Saturday, July 23, 2011
What to Do about Noelle?
Noelle, maybe not unlike many people, has moments of sheer brilliance, where she has overcome all kinds of odds to do things that most handicapped individuals don't dare consider, such as learning to roller-skate with chest-high braces and a walker as a child, and moments of sheer stupidity, where any logic behind decision-making is tidal-waved away by a churning sea of emotion. A call last night from Molly, her part-time caregiver, who helps her with laundry and housecleaning a couple of times a week, revealed the latest maelstrom. Noelle is about to be evicted from her low-cost, handicapped apartment, to which information she has reacted in aggressive and self-destructive obliviousness. "Won't happen," she told Molly. "And don't tell my parents; they will try to do something about it, and I plan to wait it out."
Here is the back story. After Ray died and then Noelle's cat, Prince Shadow, mysteriously died at a young age, Noelle was alone. She would not admit to being lonely, but then Noelle never admits to anything she thinks will make her look weak -- and as an extrovert par excellence, being lonely would certainly seem like a weakness. Nonetheless, she clearly was lonely. She had given up everything -- school, potential career -- to be home with Ray, who, for more than four years, spent the last days of his life in and out of comas and hospitalized in one venue or another. Although we suggested to Noelle that she could now return to school, finish the college degree that she had started years ago, and find a career for herself, Noelle was not ready to make such a drastic lifestyle change.
Before she could develop any readiness for moving on, along came Dreamee, a friend of a friend. Dreamee floats through life on other people's clouds. We do not know if she has any relatives, but we have heard that she has a godmother somewhere in the area. She does not talk about her past or even her present. She clearly has some disabilities -- she is very tiny for an adult in her thirties, her teeth are in bad order (but that could be from not taking care of them), and her face has a haunted look to it (but perhaps that comes from chain smoking). Dreamee and Noelle developed some immediate rapport, and Dreamee within days had moved in with Noelle. She pays no rent and does not help out in any way that we can see. Molly says that she now does Dreamee's laundry, too. I suppose none of that is any of our business, except that Noelle has in the past been used by people who learn that she is so good-natured and selfless that she will give away her last dime if someone else says he or she needs it. (In fact, we found out a while back that she was giving away every penny left over after paying bills every month, literally amounting to hundreds of dollars, to a "friend." It took us almost two years to convince her that a "friend" does not show up at your door right before payday, asking how much money you still have from the previous payday and demanding to have all of it because she is in tremendous need of it.) Now, there is Dreamee, who is, in essence, freeloading, but were we to use that world, Noelle would be terribly offended.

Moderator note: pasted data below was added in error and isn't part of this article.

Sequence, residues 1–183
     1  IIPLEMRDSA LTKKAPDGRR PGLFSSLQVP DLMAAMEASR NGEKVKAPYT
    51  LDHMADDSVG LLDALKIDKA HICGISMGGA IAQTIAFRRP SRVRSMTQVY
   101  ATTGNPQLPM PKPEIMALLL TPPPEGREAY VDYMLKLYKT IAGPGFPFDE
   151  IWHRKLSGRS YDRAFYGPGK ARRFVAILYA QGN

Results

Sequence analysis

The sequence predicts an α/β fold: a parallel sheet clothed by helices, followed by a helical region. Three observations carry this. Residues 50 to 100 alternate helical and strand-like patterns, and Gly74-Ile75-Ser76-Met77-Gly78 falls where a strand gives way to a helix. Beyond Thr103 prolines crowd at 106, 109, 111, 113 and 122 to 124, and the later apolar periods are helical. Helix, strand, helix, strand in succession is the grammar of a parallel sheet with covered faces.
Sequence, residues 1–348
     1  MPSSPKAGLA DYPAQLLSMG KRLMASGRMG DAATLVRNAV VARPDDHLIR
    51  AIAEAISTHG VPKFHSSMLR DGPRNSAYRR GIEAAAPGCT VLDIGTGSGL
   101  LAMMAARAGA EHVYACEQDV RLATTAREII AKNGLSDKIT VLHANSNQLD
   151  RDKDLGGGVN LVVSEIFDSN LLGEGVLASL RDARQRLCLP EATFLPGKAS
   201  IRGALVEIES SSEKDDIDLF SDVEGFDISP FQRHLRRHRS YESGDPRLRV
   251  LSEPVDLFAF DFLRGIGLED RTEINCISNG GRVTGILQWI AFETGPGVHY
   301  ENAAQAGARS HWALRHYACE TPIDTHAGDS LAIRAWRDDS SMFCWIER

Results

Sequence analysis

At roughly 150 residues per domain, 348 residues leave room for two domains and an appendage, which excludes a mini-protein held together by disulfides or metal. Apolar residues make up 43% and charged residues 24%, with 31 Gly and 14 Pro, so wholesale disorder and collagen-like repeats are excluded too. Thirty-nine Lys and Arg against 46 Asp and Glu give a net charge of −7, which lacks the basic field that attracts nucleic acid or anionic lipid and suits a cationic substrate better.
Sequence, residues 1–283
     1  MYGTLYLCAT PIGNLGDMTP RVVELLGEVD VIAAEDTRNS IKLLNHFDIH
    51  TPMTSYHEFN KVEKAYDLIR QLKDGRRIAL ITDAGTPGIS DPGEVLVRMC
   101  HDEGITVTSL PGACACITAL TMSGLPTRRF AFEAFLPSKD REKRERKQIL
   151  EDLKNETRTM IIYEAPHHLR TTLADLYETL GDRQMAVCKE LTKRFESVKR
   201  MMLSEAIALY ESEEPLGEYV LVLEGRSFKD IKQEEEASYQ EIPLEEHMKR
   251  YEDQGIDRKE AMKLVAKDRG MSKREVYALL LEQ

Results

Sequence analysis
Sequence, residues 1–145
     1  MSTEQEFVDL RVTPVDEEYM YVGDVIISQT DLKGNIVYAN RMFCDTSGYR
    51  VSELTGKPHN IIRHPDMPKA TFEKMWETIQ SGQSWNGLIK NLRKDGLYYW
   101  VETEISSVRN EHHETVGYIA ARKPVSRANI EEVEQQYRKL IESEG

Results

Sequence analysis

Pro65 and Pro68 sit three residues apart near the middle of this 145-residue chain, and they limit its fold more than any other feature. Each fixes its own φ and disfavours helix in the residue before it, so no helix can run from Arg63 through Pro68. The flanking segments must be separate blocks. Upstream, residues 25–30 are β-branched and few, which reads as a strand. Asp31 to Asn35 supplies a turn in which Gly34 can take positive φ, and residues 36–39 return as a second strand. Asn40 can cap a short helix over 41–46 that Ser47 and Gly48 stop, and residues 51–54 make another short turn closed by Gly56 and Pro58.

The matter has come to a head, though, because Noelle is in Section 8 housing, which is all she can afford, and the landlord has learned that Dreamee is living there, too, in a one-bedroom apartment. The landlord has sent a letter, demanding that Dreamee leave immediately or Noelle will be evicted. (Molly has seen the letter and is going to get a copy to me.) Noelle has told Molly that she has no intention of responding to the letter -- and certainly she has no intention of asking Dreamee to move out. So, something will come to a more frightening end here very soon if Noelle does not pull her head out of the sand.
The more complicated part of the matter is that Noelle has told us nothing. She acts like life is all hunky dory. Molly does not want us to let Noelle know that we know. She is afraid that Noelle will not only be angry at her but also fire her as her caregiver. That would be truly bad -- but within the realm of Noelle's more illogical responses to situations she does not like -- for finding another caregiver like Molly, who really becomes involved and tries to help, would be difficult.
The core of the situation seems to be Dreamee's hold over Noelle, who, at times, has told Molly that she really does not want Dreamee living with her but that Dreamee insists. Then, after Molly has left, Dreamee seems to take over and when Molly returns, Noelle contends that she does not want Dreamee to leave and Molly must have misunderstood. Clearly, the situation is driving Molly nuts, but more than that, Molly is genuinely concerned about Noelle's welfare.
So, what to do about Noelle? She does not want us to know, but we do know -- and I would rather do something now and not after she has ended up on the street. How to help her keep her independence while wanting to help out? How to break up a destructive relationship without appearing destructive ourselves?
Moreover, Noelle's dilemma has appeared during a moment of depleted resources for us, having just forked over more than $2000 last week to Lizzie for cat surgery and helping out Shane to the tune of $600 or more each month since he is still coping with a lowered salary from having been fired when Nikolina's $2 million hospital bill was too much for the insurance company at his place of employment to handle (the company refused to provide policies on any employees unless Shane was removed from the group).
Has anyone seen a similar situation? Any ideas for a creative and supportive resolution?